Relief items commonly seen in the markets include sanitary napkins, rice, towels, and tarpaulins, said a young woman from Sittwe, the state capital.
“Sanitary napkins can always be found in Sittwe market. While the normal price is 1,000 kyats, they are sold there for only about 800 kyats,” she said.
In addition, stationery items such as books and pencils with the United Nations International Children’s Emergency Fund (UNICEF) stamp and items with the United Nations High Commissioner for Refugees (UNHCR) stamp such as towels and tarpaulins are also openly sold, according to locals in Sittwe and markets in other townships.
An unnamed administrator said that relief goods are also available in markets in after Cyclone Mocha hit the state.
“The rice has ended up in the market because the relevant organizations and authorities haven’t covered transportation costs and fees for the relief supplies,” he said.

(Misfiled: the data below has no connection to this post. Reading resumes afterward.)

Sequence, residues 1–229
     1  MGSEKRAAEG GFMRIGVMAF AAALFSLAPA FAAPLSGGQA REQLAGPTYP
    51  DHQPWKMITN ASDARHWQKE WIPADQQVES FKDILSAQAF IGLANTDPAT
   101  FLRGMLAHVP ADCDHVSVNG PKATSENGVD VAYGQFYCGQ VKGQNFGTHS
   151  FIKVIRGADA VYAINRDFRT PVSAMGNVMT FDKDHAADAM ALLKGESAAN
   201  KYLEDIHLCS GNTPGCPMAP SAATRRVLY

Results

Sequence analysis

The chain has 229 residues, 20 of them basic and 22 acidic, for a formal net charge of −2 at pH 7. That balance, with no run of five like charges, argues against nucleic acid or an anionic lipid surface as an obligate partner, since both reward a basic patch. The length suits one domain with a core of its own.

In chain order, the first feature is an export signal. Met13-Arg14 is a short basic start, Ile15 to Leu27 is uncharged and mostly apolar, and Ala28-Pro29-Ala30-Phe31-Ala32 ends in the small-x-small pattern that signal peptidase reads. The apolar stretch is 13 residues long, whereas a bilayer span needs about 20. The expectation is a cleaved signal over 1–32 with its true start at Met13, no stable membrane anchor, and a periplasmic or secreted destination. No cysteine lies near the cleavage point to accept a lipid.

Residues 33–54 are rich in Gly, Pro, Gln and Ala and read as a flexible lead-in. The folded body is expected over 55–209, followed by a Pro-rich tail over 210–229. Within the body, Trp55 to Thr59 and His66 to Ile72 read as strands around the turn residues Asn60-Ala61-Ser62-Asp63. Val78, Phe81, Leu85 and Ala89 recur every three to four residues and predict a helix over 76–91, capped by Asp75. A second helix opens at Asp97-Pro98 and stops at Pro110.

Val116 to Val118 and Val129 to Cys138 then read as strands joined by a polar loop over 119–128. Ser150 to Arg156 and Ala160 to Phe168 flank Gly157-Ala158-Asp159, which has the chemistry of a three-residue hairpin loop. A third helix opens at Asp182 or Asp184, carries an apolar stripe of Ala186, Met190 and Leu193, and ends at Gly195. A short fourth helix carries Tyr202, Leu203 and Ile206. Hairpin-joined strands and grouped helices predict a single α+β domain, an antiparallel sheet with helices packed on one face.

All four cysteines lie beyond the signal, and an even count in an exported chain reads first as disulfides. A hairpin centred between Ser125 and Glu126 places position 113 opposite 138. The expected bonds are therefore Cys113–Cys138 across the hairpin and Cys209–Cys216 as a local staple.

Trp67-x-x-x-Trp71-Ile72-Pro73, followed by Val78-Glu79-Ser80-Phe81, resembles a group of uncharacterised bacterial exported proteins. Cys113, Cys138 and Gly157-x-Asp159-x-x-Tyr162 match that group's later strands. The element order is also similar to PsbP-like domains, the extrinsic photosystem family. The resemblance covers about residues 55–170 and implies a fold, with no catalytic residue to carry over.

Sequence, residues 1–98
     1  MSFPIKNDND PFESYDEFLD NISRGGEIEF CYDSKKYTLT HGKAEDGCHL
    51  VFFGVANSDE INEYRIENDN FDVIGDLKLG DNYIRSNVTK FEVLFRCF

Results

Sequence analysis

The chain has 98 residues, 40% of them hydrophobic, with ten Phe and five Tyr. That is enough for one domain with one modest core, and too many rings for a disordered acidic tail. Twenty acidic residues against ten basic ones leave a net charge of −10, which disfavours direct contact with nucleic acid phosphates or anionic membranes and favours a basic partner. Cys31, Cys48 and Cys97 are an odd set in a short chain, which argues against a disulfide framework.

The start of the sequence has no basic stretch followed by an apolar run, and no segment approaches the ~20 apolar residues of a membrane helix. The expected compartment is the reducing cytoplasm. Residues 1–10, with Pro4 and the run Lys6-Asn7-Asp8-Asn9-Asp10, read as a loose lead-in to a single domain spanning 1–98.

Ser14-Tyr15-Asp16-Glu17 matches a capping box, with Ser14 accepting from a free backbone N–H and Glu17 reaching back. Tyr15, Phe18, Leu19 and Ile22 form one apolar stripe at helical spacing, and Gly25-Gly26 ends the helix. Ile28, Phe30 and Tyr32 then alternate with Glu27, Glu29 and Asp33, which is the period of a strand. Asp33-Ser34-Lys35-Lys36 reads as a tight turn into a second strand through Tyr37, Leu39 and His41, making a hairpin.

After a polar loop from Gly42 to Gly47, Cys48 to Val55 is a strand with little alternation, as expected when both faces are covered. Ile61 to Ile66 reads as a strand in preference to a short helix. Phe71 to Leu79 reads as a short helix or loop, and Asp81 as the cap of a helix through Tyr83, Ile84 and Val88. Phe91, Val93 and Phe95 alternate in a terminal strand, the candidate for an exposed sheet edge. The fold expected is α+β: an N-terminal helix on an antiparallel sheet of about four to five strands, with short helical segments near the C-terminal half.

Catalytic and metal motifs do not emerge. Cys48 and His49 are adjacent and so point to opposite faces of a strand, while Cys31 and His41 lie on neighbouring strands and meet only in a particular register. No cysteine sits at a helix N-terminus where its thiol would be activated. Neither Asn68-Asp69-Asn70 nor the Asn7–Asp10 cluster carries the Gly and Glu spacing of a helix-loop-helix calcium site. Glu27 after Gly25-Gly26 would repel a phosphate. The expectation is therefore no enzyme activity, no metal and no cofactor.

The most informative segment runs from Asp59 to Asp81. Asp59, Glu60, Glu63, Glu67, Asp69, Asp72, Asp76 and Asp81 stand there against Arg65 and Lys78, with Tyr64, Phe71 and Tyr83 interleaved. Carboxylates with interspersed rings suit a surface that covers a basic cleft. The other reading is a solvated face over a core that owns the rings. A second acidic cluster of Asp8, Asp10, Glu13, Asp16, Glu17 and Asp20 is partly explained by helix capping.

A woman in charge of an IDP camp in Buthidaung Township claimed that the sanitary napkins provided are being resold partly because the displaced families are facing livelihood problems.
“There are two sides to this. Some providers didn’t distribute the sanitary napkins based on the number of women, but simply from house to house. Houses without young girls got extra pads. So they sell them cheaply, while some families sell them because they are facing livelihood problems,” she said.
Civil society groups have pointed out that authorities should monitor such cases and control the aid supplies reaching the markets.
“This shouldn’t happen. We have seen these things in the markets over and over again. Relevant organizations should investigate on the ground. Some items have gone directly to the market without reaching the intended recipients. This is unacceptable,” said a woman from a civil society group.
Narinjara was still trying to reach UNHCR and other aid groups on the matter.
Around 70,000 people are still displaced in Arakan State after fighting flared up between the Myanmar army and the Arakan Army (AA) in 2018.
Hundreds of thousands of people are also still displaced in townships such as Sittwe, Myebon and Kyaukphyu, according to IDP records, following inter-communal violence in the state in 2012.
The displaced say they no longer receive government assistance and now rely on international groups.